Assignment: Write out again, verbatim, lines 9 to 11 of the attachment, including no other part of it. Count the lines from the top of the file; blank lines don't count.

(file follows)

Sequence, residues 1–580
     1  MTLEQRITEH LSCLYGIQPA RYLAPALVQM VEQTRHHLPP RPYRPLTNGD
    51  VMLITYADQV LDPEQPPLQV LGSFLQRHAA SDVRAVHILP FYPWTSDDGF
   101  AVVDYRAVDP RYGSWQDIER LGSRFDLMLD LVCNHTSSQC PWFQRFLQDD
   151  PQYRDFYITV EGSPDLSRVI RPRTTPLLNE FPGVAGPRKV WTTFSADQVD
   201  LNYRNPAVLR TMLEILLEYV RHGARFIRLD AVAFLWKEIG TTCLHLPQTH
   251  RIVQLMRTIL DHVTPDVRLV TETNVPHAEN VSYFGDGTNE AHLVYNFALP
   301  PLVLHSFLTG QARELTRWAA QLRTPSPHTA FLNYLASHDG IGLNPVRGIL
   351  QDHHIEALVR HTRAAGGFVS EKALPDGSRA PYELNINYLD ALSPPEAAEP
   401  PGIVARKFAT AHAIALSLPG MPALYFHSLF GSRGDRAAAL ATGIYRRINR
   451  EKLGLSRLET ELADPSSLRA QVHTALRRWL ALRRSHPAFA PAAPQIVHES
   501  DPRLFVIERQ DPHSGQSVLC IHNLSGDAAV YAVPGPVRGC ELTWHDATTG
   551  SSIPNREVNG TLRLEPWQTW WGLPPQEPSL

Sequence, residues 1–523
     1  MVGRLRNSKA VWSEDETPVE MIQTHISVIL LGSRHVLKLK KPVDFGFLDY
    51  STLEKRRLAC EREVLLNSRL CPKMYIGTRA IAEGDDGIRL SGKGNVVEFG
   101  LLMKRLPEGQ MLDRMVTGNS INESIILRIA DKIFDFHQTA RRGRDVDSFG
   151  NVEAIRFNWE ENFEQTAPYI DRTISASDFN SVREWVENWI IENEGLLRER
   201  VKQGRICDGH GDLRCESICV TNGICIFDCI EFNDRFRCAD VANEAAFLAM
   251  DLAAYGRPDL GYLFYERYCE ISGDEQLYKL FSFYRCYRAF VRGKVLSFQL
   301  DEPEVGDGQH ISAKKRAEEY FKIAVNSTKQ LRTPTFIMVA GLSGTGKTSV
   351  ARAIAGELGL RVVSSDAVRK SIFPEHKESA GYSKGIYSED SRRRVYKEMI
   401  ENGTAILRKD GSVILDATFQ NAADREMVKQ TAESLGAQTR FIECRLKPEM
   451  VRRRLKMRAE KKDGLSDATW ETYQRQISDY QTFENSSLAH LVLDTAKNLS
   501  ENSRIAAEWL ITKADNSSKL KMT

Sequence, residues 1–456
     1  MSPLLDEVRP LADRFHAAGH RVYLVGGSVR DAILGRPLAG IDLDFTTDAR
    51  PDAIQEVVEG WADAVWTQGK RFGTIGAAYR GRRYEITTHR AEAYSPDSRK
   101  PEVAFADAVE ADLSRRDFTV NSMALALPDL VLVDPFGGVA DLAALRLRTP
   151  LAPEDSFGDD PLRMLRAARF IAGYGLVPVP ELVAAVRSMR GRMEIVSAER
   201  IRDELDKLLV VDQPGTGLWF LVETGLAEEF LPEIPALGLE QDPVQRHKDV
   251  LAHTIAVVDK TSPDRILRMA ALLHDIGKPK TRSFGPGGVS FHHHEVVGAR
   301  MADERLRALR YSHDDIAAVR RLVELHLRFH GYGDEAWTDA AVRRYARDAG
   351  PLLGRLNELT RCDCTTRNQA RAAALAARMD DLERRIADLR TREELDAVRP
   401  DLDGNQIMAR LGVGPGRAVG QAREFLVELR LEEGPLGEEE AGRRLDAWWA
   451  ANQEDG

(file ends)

   351  QDHHIEALVR HTRAAGGFVS EKALPDGSRA PYELNINYLD ALSPPEAAEP
   401  PGIVARKFAT AHAIALSLPG MPALYFHSLF GSRGDRAAAL ATGIYRRINR
   451  EKLGLSRLET ELADPSSLRA QVHTALRRWL ALRRSHPAFA PAAPQIVHES